Wildcat445 wrote:The negatives of the electrolytic filter caps in this radio connect to common negative, which is one side of the power switch.  They do not connect to chassis ground.  I mention this since it is easy to make a mistake here.  Mica disease is a possibility, but I don't feel we have enough evidence to convict the IF transformers just yet.  A situation like this is where a signal generator comes in handy.  You could inject a 400 cycle audio note, at the IF frequency, into the circuit just ahead, and just behind the IF transformers to see if they pass that signal.  Then go to the antenna and do the same thing.  You could also sub the 12BE6 converter tube to see if that makes any difference.  Check for B+ on both IF transformers and also run some voltage measurements on the various tube elements.  Pay particular attention to the grid voltage on the tube or tubes following an IF transformer.  The grid on the 12BA6 IF amplifier is pin 1.  Check on pins 5 & 6 on the 12AV6 for negative voltage, too. There should be negative voltage on the grids.  Positive voltage on the grid or grids points more toward silver mica migration or Silver Mica disease.  I'd like to be sure of our diagnosis before we put you thru a repair of SMD.  Is the static just like white noise, or does it sound like lightning and thunder crashing?  The latter would lend itself to the more dire silver mica migration diagnosis.   Good luck.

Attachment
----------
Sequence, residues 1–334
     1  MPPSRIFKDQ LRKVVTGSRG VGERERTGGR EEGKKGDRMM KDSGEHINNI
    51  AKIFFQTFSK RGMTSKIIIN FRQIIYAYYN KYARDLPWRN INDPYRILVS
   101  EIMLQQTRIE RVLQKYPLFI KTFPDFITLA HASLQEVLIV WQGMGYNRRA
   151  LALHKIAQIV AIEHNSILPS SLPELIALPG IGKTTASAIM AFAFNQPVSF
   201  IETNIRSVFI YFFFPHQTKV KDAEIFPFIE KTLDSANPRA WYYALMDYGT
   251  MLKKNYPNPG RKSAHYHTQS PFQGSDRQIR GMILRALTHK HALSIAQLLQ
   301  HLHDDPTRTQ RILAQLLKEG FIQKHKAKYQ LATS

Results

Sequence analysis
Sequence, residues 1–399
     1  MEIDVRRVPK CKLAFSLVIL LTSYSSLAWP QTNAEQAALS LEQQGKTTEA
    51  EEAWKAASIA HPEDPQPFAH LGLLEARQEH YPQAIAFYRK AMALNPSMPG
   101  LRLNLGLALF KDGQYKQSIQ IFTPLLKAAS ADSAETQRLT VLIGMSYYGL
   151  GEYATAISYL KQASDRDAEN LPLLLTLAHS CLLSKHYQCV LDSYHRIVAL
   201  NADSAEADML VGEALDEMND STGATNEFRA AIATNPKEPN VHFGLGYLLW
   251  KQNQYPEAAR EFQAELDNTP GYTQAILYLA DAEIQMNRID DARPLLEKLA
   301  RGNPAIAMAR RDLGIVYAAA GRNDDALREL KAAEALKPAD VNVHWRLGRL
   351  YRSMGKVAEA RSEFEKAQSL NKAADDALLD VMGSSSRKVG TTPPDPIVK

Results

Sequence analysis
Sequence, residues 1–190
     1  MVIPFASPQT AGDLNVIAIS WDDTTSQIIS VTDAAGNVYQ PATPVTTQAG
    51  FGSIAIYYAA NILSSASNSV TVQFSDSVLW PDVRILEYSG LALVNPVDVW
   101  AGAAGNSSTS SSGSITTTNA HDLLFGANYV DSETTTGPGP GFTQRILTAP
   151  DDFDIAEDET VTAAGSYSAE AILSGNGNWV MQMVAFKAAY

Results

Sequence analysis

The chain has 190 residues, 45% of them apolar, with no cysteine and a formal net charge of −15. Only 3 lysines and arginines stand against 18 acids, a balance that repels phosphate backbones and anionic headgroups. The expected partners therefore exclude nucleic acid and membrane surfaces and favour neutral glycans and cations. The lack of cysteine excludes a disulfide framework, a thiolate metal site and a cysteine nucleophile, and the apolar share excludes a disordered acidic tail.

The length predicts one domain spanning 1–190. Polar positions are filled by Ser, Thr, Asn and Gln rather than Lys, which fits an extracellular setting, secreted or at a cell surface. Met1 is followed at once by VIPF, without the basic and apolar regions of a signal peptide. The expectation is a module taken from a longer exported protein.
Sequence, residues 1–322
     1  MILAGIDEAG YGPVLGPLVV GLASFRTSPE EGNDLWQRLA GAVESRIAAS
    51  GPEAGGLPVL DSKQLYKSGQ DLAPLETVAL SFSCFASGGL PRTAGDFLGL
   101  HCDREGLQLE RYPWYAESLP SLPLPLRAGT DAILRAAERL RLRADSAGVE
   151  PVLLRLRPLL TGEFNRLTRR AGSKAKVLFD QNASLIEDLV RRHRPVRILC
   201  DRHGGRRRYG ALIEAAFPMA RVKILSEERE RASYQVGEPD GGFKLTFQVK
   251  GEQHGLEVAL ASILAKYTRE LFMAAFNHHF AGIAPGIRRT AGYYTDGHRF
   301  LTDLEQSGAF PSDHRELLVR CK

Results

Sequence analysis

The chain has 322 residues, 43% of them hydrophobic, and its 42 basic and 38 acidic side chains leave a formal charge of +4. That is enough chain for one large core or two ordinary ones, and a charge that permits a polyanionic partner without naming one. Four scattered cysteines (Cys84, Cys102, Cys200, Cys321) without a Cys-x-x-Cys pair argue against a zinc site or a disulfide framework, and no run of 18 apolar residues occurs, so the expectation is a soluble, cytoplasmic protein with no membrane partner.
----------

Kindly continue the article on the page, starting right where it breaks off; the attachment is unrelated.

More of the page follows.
WC

The Static is more of the lighting- thunder. It seem to be worse when I mess with the on/off, volume switch. the higher the volume the more lighting-thunder effect. Lower less stormy weather.
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Re: Help!!!

Post by frank1956 on Thu Jun 19, 2014 10:23 pm

How do I check for the for the squeal of the oscillator with two radio's on at the same time?
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Re: Help!!!